Page 5 - Observation Results
Let's summarize our salty water observations like we did with the fresh water to see if we notice any patterns about the 2 sorts.
Teams share their observations which I record into 1 of 4 categories: sank, water line below the midway line, water line above the midway line, water line on the mid way line. The sort is done on an interactive white board.
After all observations are noted, I ask students what they notice about the observations. Students were most surprised that the soap floated with the salt water.
Next I placed the fresh water class observations next to the salt water observations and ask students, "What do you notice about the 2 sorts?"
"Which water was able to float more items? Which water made the items float higher?
I write the following sentence frame on the board: "After looking over our observations we noticed that ..." Please turn to your team partner and take turns complete this sentence frame. After each of you have shared, give each other a high five and return to your desk to write your results on page 5 in your booklet."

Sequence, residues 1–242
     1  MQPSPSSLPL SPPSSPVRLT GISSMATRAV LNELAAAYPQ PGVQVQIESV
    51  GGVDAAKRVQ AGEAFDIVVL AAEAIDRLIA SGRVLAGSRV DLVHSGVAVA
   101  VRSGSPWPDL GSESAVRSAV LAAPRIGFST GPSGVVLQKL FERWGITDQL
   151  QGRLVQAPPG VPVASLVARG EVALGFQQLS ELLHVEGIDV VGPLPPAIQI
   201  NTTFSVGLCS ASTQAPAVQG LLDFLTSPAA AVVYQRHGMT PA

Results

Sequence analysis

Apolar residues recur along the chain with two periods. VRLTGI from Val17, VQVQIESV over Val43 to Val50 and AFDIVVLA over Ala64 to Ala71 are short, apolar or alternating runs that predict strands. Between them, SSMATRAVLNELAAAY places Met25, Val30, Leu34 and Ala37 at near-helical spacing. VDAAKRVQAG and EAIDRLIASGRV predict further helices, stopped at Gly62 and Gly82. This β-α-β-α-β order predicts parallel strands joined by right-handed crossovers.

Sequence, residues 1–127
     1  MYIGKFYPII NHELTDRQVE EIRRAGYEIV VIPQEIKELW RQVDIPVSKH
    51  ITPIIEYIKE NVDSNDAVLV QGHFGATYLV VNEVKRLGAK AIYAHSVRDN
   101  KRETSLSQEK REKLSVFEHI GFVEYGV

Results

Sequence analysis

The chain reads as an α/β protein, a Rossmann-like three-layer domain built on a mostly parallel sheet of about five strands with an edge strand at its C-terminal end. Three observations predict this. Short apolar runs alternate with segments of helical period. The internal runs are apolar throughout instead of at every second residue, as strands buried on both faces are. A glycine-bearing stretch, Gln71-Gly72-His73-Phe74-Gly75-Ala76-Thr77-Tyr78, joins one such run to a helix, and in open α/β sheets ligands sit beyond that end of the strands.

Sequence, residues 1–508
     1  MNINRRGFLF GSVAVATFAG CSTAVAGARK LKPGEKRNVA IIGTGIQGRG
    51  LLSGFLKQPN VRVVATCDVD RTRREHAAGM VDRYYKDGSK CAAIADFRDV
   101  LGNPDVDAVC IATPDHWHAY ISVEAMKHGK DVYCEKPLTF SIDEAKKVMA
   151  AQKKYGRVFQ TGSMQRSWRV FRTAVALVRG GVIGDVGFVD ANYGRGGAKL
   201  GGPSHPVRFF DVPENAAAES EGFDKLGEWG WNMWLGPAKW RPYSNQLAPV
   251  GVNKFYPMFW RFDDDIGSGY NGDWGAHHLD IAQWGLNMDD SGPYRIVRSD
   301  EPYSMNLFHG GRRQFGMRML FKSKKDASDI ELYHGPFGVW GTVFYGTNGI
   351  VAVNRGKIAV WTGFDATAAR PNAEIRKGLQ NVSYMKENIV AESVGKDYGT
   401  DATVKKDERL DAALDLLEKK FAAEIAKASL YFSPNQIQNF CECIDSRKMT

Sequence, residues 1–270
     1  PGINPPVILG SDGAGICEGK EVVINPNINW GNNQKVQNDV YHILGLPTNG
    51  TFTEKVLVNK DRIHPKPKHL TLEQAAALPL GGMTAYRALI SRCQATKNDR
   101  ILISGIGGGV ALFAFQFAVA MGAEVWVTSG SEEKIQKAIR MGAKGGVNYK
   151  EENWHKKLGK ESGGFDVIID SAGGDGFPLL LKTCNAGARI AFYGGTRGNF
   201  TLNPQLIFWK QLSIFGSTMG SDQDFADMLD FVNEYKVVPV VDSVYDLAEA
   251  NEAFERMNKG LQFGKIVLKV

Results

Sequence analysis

Many students struggled to summarize all the objects, so I directed students to write just about their soap.
While students are writing their results, I pick up and discard the salt water (if students are not going to layer salt water and fresh water).
When I see that students have completed writing their results, I signal for students attention.
"After scientists take observations, and write the results, they write their conclusion. Let's look at a scientist's conclusion to see what elements should be in a conclusion.